For a lot of smaller and mid sized companies having standard images is a huge cost saver, as calling a contractor in to e.g. just swap a Word Reader to a full version when needed would cost more than an Office license (considering volume licensing is really cheap) and could take hours, if not days. And then there is the really flexible solution to only license a minimum amount of sets and add monthly Office 365 subscriptions to cover higher demand – this can be administered remotely and saves time and cost. There are really quite a few solutions to handle these things. If any company is really paying tons of unused licenses over many years, somebody is simply not doing the right job there.
Regarding the Acrobat / PDF discussion: Unless somebody really works in the pre-press or architectural areas, or has demand for high volume server-side PDF generation, there is one other alternative for editing PDFs on a Mac beyond what Preview is capable of: PDFPen (and the Pro version of it) cost a fraction of Acrobat Pro and do almost everything it does, the Pro version even supports fillable form generation. For reducing the size of PDF files (something neither Preview nor PDFPen are really good for) there is a cheap little tool called "PDF Squeezer" in the OS X App Store, which gives you great control over the shrinking process (something the Quartz filter under OS X unfortunately does not, it shrinks bitmaps in PDFs to the point of being unreadable). [I am not affiliated with either, but even getting PDFPen Pro and Squeezer would save you a couple of hundred bucks over Acrobat Pro.]
This article posts not so true story.
MS Office is a must for office guys as they need to do work for their boss. The 100% compatibility is a must. This is why they all need Office application.
You can also try LibreOffice for Mac. It has good cross-compatibility and is completely free of cost. Apache OpenOffice is a similar alternative, also completely free.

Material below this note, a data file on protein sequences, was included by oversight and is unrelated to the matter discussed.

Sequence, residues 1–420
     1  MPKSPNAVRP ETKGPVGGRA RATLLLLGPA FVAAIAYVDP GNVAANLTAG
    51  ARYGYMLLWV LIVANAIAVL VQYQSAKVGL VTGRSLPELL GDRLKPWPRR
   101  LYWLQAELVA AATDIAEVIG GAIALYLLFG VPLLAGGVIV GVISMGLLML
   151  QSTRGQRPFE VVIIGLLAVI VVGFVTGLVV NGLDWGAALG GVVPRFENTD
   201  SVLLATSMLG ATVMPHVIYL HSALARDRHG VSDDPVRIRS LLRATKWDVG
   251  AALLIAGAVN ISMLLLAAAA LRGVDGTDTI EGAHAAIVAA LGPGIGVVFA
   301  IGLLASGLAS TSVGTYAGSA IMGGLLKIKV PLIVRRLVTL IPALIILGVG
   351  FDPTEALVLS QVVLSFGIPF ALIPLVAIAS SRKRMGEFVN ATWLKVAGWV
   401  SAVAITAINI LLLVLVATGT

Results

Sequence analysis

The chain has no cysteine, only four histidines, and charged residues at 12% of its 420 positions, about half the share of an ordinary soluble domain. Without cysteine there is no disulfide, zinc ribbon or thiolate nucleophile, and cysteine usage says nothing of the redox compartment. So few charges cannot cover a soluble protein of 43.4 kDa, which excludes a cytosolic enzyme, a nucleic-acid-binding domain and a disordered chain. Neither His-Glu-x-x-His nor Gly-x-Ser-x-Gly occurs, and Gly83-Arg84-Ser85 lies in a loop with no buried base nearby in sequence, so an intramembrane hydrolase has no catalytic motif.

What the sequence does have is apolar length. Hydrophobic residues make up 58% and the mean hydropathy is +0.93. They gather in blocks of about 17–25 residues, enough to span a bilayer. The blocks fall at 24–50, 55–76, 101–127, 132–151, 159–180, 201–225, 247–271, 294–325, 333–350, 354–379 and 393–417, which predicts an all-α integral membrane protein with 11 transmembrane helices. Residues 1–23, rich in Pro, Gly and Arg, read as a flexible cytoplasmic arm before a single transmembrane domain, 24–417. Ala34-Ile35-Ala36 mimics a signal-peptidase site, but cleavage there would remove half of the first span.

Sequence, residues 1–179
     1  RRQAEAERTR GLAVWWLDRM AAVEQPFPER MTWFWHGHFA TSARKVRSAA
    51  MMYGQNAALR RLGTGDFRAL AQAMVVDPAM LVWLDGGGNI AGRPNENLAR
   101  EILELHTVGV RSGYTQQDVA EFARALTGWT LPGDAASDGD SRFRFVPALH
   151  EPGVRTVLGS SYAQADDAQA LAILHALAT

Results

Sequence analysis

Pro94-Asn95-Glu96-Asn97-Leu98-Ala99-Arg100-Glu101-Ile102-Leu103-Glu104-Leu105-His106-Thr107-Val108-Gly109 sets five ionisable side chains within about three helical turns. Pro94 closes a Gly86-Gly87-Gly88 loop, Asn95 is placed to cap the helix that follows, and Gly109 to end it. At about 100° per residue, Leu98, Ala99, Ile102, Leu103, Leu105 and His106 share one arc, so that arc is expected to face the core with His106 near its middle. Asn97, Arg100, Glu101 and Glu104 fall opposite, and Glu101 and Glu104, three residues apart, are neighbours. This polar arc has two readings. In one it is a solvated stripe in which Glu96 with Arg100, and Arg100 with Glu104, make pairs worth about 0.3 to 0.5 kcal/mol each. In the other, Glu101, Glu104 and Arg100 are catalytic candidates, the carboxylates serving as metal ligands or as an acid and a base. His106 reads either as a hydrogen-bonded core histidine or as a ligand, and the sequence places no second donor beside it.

And yes, Office365 does have its uses for some users, but a majority of them are generally against the 'pay-to-use' model for a productivity suite. Why would you want to pay for productivity some times and not the other times!
And Network World is still wrong. It probably gets a lot of ad revenue from Google.
It doesn't even mention that LibreOffice and OpenOffice are both completely viable but FREE competitors to MicrosoftOffice. Google Docs costs money. LibreOffice is FREE.
No. They're not.
Windows has about 91% desktop market share (source). That's about the same as two years ago. Is that what you call 'dying'? Windows 8 may not have taken off as MS would have expected, but Windows still has an absolute stranglehold in the desktop market.
Likewise, Office still has a stranglehold in the corporate environment. Web-based alternatives like Google Apps or competing products like iWork may be gaining in popularity among consumers, but it is the corporate space where the money is made.
If you look per year on the source page you provided, you see that MacOS is increasing each year, while Windows is declining each year. It takes a long time before that growth starts to really accelerate. My guess it will take maybe 2-3 years before Mac is over 10%, and another 5-6 years before Mac is over 40%.
Microsoft is losing on marketshare on Desktop. It´s an declining business for them.